Aspirin and a Healthy Recession

In this NewsFlash, we discuss the role of aspirin in the 1918 Spanish flu epidemic, how recession could be healthy and what tuning in to the Earth's vibrations can tell us...
05 October 2009
Presented by Ben Valsler


In this NewsFlash, we discuss the role of aspirin in the 1918 Spanish flu epidemic, how recession could be healthy and what tuning in to the Earth's vibrations can tell us about the interior of the planet.  Plus, Kat Arney reports from the National Cancer Research Institute's annual conference.

In this episode

Aspirin advert

Aspirin and flu

Little white pills of aspirin have been popped by millions of people since the drug came to market in 1899. And today around 40,000 tonnes of the drug are sold every year around the world.  But a new paper published in the journal Clinical Infectious Diseases suggests that misuse of aspirin to relieve the symptoms of flu could do more harm than good - at least in the case of the 1918 flu pandemic.

Aspirin advertThis is work from Karen Starko in California. She thinks that very high doses of aspirin given to some patients during the flu pandemic in 1918 and 1919 - up to 30 grams per day - might have caused dangerous side effects, such as a buildup of fluid in the lungs.

In turn, this would contribute to the deadly effects of the flu, and increase the chances of lung infections. We know that doses this high can cause such side effects, as seen in people with aspirin poisoning.  Adding to the evidence, the US Surgeon General recommended the use of aspirin for flu just before a massive spike in flu deaths back in 1918.

Based on what we know about the percentage of people who get fluid in their lungs when they take high doses of aspirin, this could have affected up to one in thirty people treated with the drug. And when you add up how many thousands of people died from the flu at that time, quite a significant number of them could have been due to aspirin. What's more, Starko thinks that the unusually high number of deaths in younger people - who usually fight off the infection - might have been down to aspirin use, as well as the flu.

Back in the early 20th century, aspirin was a relatively new drug, and doctors weren't sure exactly how to use it, and how much for people to take. It was also pushed hard by the pharmaceutical companies at the time, and doctors would prescribe it in order to just be able to do something for patients - back then there wasn't any Tamiflu!

Today we know much more about aspirin, and the complex ways it can affect the body.  But we can certainly take this as a warning from history not to get carried away with unnecessarily high doses of drugs for relieving the symptoms of flu.

A solemn crowd gathers outside the Stock Exchange after the crash. 1929.

Depressions are good for you

The shadow health minister Andrew Lansley was criticised earlier this year when he pointed out that, fiscally painful as they are, recessions are nonetheless good for a nation's health.

A solemn crowd gathers outside the Stock Exchange after the crash. 1929.Now there's more scientific evidence to support that claim thanks to a paper in the current edition of PNAS by University of Michigan researchers Jose Tapia Granados and Ana Diez Roux.  The duo have compared the state of the US economy over the period straddling the Great Depression of the 1930s with the population mortality rates over the same period, with striking results.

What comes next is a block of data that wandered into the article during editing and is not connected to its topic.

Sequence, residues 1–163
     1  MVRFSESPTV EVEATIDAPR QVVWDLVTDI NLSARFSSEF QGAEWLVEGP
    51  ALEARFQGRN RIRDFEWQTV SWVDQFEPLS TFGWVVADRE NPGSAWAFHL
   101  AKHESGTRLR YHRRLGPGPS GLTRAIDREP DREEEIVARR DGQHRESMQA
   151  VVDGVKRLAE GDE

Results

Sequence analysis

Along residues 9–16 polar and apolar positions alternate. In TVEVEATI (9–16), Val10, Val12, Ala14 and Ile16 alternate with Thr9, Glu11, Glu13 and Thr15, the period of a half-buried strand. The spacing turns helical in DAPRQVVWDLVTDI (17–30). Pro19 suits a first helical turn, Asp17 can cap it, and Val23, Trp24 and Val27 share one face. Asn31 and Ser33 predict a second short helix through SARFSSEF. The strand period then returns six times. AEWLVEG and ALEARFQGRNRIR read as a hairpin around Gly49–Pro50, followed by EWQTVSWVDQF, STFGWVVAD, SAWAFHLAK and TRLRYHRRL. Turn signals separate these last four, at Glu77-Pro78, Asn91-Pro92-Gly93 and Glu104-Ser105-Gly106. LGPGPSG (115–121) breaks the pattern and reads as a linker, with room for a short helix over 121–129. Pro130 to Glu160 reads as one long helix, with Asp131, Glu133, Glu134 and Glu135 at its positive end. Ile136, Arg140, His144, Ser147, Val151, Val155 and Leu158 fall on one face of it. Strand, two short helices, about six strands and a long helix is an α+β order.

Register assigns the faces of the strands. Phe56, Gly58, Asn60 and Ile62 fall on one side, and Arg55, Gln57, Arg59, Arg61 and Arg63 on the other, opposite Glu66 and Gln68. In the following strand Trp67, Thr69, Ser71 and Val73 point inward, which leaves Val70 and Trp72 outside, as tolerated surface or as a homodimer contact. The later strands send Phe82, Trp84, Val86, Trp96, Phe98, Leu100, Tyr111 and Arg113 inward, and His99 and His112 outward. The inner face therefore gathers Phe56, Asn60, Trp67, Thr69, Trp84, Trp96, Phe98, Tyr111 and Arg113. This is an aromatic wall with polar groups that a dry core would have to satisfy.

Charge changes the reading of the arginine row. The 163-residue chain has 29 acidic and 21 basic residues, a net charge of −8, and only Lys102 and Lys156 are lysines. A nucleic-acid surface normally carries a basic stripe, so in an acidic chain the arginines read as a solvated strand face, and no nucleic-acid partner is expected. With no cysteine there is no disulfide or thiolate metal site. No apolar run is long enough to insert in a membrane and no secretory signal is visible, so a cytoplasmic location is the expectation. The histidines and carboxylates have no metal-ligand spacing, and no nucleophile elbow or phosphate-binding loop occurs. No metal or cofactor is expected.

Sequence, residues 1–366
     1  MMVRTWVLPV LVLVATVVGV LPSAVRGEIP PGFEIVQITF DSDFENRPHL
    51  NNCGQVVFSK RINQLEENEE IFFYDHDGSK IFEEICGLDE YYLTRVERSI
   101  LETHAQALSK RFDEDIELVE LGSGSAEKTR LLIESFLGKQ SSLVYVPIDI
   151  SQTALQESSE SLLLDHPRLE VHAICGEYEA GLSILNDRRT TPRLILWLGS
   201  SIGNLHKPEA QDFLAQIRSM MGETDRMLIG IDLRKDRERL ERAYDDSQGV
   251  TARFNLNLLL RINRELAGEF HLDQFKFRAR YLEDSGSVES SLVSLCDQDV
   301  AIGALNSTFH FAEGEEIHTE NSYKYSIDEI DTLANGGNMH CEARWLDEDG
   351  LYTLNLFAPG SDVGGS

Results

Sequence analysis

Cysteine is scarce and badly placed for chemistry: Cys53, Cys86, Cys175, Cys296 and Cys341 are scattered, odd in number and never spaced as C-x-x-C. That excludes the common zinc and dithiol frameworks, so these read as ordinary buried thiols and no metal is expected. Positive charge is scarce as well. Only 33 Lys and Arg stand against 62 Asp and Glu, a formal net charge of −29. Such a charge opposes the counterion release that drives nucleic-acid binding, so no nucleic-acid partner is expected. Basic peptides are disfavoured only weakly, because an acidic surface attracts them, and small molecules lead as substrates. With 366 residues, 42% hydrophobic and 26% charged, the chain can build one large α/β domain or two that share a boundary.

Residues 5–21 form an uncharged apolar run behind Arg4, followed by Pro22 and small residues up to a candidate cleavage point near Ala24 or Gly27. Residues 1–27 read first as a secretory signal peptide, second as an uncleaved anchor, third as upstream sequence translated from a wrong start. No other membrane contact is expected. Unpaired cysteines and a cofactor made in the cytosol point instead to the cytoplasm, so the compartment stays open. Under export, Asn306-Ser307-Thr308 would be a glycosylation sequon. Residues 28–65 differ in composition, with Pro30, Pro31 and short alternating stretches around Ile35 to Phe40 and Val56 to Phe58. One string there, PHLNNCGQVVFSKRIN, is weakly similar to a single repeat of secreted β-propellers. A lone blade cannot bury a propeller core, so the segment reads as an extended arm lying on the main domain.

The years 1923, 1926, 1929 and 1936-37, they report, were all economic booms and on each of these years the population mortality peaked.  But in 1921, 1930-33 and 1938, which were all recessions or depressions, the death rate fell to its lowest levels.  Initially this seems surprising because one would assume that during recessions people would be financially stretched, have little money for healthcare and healthy living and would be generally more stressed, all of which would translate into a high risk of dying.  But instead the reverse appears to be true.

Some have suggested that this relationship reflects a lag effect, whereby people become ill during a recession but by the time they die the economy is booming again.  The researchers discount this theory on the grounds that the timing just doesn't work because the periods between boom and bust are not constant each time yet the mortality rates change directly in step with the state of the economy.

U.S. Unemployment rate from 1910-1960, with the years of the Great Depression (1929-1939) highlighted. Instead, they point out that although a fast-growing economy might be good for your bank balance it is potentially very bad for the health of the populace because people tend to work longer hours during a boom, they have more disposable income to spend on alcohol and cigarettes, consumption of which is known to increase at times of prosperity, there is also more traffic, more pollution and industrial accidents are more frequent.  People often migrate in search of lucrative high-paid work, leading to social isolation.  All of these factors add up to more ill-health during the so-called good times. So, rather than rue the recession, welcome it with open arms...and see how long your bank manager will swallow the story that your empty account and maxed-out credit card are all part of a healthier lifestyle...!

A neurone

Gene controls brain cell count

Wouldn't it be fantastic if we could flick a genetic switch and increase the number of brain cells we have?  But it would be bad news if this production line ran out of control, because then you'd end up with a brain tumour.

Now researchers in the US have tracked down the gene responsible for maintaining this tricky balance, making sure we grow enough new neurons, but not so many that things get out of hand.

Nerve CellLed by William Snider at the University of North Carolina, the scientists discovered that a gene called GSK-3 controls the signals that determine how many nerve cells we have in our brains. GSK3 is a kinase - an enzyme that sticks little molecular tags on other proteins, switching them on or off to send signals in the cell. They've just published their results in the journal Nature Neuroscience.

The researchers used genetic engineering to create mice whose GSK3 could be removed at a very specific time during the development of the mouse embryo - at a time when a type of brain cell called radial progenitors have just been made. These stem cells produce the bulk of the nerve cells in the brain.